I was very scared about my first visit to a prison. I am glad that I got the opportunity to go with my classmate Zinhle, although she turned out to be more scared than I was!
I was quite surprised by the poor state of the visitors’ centre outside the prison. The waiting room is far too small for the number of visitors who come. People who can’t fit in there have to sit on some battered metal benches outside.
We had to wait around quite a lot and I was imagining the frustration of the family members who wait for over 2 hours only to speak to the inmate for 20 minutes, as we eventually did.
We went through 3 pat-downs and security checks. It’s quite intimidating even if you know that you have no contraband on you.
I was interested to learn that food from outside the prison is prohibited. Families can only bring in toiletries and I saw people carry Vaseline, soap, deodorant, toilet paper, toothpaste and even a pair of pink fluffy slippers (I overheard an officer saying that slippers are not allowed and I felt bad for the family member who had bought them). People can buy food for the prisoners at the very expensive tuckshop just outside the enclosure where the visit takes place. We bought a few not-so-fresh fruits for R18 and a tiny packet of chips for R11, for example. One very popular item at the tuckshop was atchaar, to add flavour to the prison food. People also bought cases of softdrinks and cigarettes.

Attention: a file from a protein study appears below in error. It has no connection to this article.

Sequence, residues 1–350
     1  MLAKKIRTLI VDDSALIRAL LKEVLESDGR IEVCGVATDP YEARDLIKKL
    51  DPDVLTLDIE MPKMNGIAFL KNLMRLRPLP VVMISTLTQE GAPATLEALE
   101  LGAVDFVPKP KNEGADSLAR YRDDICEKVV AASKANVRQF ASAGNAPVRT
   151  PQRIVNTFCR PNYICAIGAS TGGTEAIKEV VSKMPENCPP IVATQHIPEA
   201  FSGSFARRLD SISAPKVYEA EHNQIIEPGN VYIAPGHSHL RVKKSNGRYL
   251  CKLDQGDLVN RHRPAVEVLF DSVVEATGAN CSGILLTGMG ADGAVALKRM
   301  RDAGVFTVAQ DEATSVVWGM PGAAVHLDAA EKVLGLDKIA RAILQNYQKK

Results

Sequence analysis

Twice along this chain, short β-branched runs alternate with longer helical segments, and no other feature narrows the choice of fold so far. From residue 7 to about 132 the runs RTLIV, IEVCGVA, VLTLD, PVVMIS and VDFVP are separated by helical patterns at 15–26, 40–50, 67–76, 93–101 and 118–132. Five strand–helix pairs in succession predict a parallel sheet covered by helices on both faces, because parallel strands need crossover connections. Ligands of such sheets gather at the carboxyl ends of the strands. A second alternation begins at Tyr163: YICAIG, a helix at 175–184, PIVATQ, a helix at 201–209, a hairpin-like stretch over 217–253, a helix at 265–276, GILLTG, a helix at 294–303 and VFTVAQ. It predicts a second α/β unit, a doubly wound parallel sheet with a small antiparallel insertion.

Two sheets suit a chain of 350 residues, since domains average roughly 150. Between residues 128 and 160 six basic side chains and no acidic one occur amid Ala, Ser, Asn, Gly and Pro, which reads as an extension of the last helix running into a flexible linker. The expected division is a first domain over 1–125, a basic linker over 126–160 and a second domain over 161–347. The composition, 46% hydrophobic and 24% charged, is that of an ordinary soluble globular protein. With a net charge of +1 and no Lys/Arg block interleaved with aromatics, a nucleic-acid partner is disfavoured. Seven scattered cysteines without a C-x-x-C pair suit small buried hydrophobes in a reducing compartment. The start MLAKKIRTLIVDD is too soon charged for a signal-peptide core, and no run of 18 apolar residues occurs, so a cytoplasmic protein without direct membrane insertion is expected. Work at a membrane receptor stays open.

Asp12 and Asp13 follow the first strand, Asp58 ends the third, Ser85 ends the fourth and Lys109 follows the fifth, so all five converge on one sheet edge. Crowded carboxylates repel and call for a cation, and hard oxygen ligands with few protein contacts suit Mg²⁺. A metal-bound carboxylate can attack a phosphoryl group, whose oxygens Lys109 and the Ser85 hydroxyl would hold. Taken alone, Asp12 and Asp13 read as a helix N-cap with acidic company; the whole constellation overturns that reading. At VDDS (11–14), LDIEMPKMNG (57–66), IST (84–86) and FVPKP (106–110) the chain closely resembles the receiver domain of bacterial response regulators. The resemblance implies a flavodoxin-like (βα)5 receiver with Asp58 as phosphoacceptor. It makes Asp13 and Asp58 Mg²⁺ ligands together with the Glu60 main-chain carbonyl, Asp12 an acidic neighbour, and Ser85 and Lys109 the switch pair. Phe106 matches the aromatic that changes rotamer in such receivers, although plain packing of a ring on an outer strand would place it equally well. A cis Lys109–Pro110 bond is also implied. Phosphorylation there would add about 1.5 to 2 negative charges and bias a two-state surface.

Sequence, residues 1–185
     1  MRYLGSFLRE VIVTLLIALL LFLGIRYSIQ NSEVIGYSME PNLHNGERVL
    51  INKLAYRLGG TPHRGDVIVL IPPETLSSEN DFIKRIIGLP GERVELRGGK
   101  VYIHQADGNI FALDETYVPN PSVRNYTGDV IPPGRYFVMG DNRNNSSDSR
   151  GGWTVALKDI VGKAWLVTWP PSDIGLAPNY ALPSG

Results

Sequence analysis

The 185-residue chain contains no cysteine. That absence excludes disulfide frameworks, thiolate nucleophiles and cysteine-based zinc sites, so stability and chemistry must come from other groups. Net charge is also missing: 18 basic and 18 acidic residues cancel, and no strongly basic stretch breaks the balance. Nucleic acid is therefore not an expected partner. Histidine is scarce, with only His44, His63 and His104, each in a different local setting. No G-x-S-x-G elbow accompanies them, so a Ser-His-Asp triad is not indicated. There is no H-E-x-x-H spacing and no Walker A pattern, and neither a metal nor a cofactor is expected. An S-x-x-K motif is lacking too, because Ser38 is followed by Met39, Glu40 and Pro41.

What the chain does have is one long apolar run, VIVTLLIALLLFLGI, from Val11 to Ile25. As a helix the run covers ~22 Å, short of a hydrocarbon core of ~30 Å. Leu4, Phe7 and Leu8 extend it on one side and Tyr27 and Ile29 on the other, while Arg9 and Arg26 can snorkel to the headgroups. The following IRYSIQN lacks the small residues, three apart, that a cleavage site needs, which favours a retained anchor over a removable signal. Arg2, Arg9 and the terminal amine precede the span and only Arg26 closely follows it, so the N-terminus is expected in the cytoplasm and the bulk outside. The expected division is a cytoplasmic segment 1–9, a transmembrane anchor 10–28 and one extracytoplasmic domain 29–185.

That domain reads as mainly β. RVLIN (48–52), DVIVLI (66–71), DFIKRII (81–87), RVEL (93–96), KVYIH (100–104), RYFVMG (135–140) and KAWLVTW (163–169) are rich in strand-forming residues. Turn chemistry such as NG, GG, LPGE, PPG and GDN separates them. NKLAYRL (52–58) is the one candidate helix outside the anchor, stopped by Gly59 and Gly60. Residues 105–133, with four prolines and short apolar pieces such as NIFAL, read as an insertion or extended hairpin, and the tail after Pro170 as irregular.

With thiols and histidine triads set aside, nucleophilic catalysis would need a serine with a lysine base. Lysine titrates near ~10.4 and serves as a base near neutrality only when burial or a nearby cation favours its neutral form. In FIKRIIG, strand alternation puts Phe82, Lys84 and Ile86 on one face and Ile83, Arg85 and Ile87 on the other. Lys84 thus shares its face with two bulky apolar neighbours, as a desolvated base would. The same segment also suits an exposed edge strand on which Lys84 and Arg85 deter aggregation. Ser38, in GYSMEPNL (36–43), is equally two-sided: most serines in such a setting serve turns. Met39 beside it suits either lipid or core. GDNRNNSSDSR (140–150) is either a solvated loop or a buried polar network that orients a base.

It was really sad to see the inmates caged in an enclosure, waiting for their visitors. The place was very hot and crowded and we were all squashed on benches, visitors and prisoners facing each other and straining to hear above the din caused by all the other conversations around us.
I was very moved seeing all the families reconnecting. There was a father, a big burly man, who kept kissing his son’s head. Then there were all the lovers – that was a little embarrassing, but I suppose the prisoners are starved of affection.